Most of the wares being sold – car parts, cheap electronics, low-quality plastic toys from China – are not necessarily of interest to travellers. But unlike much of Bangkok, which is fully geared toward serving the needs of the city’s burgeoning tourist and expat population, Chinatown’s charm lies in the fact that, over here, it is not really about the traveller; Chinatown exists first and foremost for the Thai-Chinese.

The community rewards those who meander and observe. The pleasure of Chinatown is in taking a wrong turn and getting lost, ending up somewhere strange and unexpected.

Life goes on in Chinatown the way it has for decades. Bangkok’s oldest cinema, Sala Chalermkrung Royal Theatre was built in 1933 and still shows Thai movies on special occasions, although now it mostly stages dances and plays. Tang To Kang, the capital’s oldest gold shop, and Chao Krom Pho, the city’s oldest Chinese medicine store, are still doing business the way they did more than a century ago. Nearby Wat Chakrawat is known as the Crocodile Wat for good reason – the monks at this temple have been raising the reptiles for more than 200 years.

Aside from these landmarks, the area is also home to some of the city’s best food, with delicious scents from an unassuming curry stall mingling with the smells from the neighbouring Indian district, causing passers-by to perform double takes.

Shrines for the ancestor-worshipping Chinese pop up in unexpected corners – havens of reflective peace in the middle of chaotic streets. A favourite is located in the 100-year-old – and inappropriately named – Talat Mai (New Market). Smack in the middle of the cramped, packed stores hawking shark’s fins, bird’s nests, fossils, precious stones and sea slugs, a small gateway leads to the courtyard of the Leng Buai Ia shrine, where the noise of the outside bustle immediately falls away.

Asian shares pause from rally, euro stays firm

Posted by Rattana_S On January - 31 - 2013 ADD COMMENTS

(Reuters) – Asian shares pulled back from recent rallies on Thursday but optimism about global growth supported sentiment as the Federal Reserve kept its stimulus policy, while the euro steadied on signs the region was stabilizing from the debt crisis.

The MSCI’s broadest index of Asia-Pacific shares outside Japan .MIAPJ0000PUS inched down 0.1 percent after rising to nearly an 18-month high the previous session.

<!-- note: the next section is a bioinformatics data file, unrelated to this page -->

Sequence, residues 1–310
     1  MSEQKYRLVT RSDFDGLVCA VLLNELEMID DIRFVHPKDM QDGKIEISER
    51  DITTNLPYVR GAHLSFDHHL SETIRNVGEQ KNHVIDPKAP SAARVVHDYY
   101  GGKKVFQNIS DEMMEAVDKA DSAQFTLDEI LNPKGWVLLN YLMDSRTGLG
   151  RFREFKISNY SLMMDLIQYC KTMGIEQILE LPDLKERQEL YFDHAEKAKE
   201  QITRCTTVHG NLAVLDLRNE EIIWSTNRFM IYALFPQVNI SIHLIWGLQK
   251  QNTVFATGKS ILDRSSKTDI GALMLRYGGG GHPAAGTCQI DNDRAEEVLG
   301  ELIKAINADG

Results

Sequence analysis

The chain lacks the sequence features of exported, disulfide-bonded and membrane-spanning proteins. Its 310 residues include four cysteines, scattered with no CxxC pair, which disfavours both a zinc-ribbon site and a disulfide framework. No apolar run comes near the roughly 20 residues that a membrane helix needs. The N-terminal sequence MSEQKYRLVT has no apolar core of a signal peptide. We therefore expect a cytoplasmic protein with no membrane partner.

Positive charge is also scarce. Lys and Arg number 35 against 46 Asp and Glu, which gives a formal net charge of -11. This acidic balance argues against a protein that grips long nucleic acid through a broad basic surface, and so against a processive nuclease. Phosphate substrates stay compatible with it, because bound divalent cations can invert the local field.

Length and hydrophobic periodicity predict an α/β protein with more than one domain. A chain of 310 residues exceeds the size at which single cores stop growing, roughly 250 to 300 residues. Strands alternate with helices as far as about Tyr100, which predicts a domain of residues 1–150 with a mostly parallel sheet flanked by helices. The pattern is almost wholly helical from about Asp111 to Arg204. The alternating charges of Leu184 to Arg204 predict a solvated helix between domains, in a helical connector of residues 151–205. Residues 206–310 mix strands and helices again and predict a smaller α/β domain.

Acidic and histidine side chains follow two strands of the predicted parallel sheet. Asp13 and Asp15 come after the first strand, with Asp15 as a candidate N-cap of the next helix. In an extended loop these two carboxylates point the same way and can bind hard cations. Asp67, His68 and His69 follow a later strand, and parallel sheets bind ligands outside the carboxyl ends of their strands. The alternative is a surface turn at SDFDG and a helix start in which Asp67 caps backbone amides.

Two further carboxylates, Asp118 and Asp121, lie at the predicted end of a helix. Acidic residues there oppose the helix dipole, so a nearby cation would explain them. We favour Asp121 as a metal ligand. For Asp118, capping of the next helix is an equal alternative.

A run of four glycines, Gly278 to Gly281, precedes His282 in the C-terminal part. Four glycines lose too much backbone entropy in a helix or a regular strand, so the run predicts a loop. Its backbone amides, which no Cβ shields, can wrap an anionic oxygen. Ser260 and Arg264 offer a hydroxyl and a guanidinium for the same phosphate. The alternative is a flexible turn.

Australian shares .AXJO also edged down 0.1 percent, retreating from a 21-month high hit on Wednesday. The shares had gained for 10 straight days, the longest winning run since October 2003.

South Korean shares .KS11 opened down 0.2 percent and Japan’s benchmark Nikkei stock average .N225 also opened 0.5 percent lower after soaring 2.3 percent to a 33-month high the day before. .T

“The Nikkei is at a very high level. I think we will see some profit-taking in today’s market,” said Takashi Hiroki, chief strategist at Monex Inc.

The Fed on Wednesday kept its monthly bond-buying plan while indicating a recent stall in U.S. economic growth was likely temporary and predicting the nation’s job market would continue to improve at a modest pace. The Fed repeated a pledge to keep purchasing securities until the outlook for employment “improves substantially.

The statement preceded Friday’s monthly nonfarm payrolls data but followed a report showing the U.S. economy unexpectedly shrank in the fourth quarter for its first drop since the recession ended over three years ago, as inventory investment slowed and government spending plunged.

Analysts say, however, the private sector spending components such as personal consumption, business investment and housing were strong to underline a moderate recovery trend.

U.S. stocks pulled back after the Fed announcement in a move many saw as a reaction to gains in recent months, with the Standard & Poor’s 500 Index .SPX on track to post its best month since October 2011 and its best January since 1997.

European shares suffered their biggest daily drop this month after gloomy earnings and weak U.S. economic data hit sentiment, having touched 2-year highs earlier in the week.

EURO ADVANTAGE INTACT

The euro held near a 14-month high of $1.3588 scaled on Wednesday after the Fed pledged to keep its current bond-buying stimulus scheme.

Reports from the euro zone on Wednesday underscored views that the debt crisis-hit region may be overcoming the worst, with economic sentiment improving more than expected across all sectors in January and a gauge for the phase of the business cycle also rising this month.

“The rise in the EUR is a sign of the success of the European Central Bank on the credit front, which matters far more than a short term rise in EURUSD. Money is flowing into Europe and from North back to the South or from ECB funding to money market funding,” Sebastien Galy, strategist at Societe Generale, said in a note to clients.

A weaker dollar as a result of expectations that the Fed’s loose monetary policy will stay intact for a long time underpinned gold, lifting it as much as 1.1 percent to a one-week high of $1,683.39 an ounce on Wednesday. Spot gold steadied around $1,676.71 early on Thursday.

The dollar maintained its advantage against the yen, with expectations that the Bank of Japan will unveil drastically accommodative monetary policy in coming months firmly capping 10-year Japanese government bond yields below 0.8 percent. In contrast, the benchmark 10-year U.S. Treasury yield has inched up to around 2.00 percent.

The dollar was at 90.99 yen after reaching 91.41 yen on Wednesday, its highest since June 2010. The euro traded at 123.43 yen, not far from Wednesday’s high of 123.87, its loftiest since May 2010.

U.S. crude futures was up 0.1 percent to $98 a barrel early on Thursday. Brent crude hit a three-month high on Wednesday as Europe’s economic data spurred optimism about the global economy, overshadowing weak U.S. GDP. <O/R>

(Additional reporting by Dominic Lau in Tokyo; Editing by Jacqueline Wong)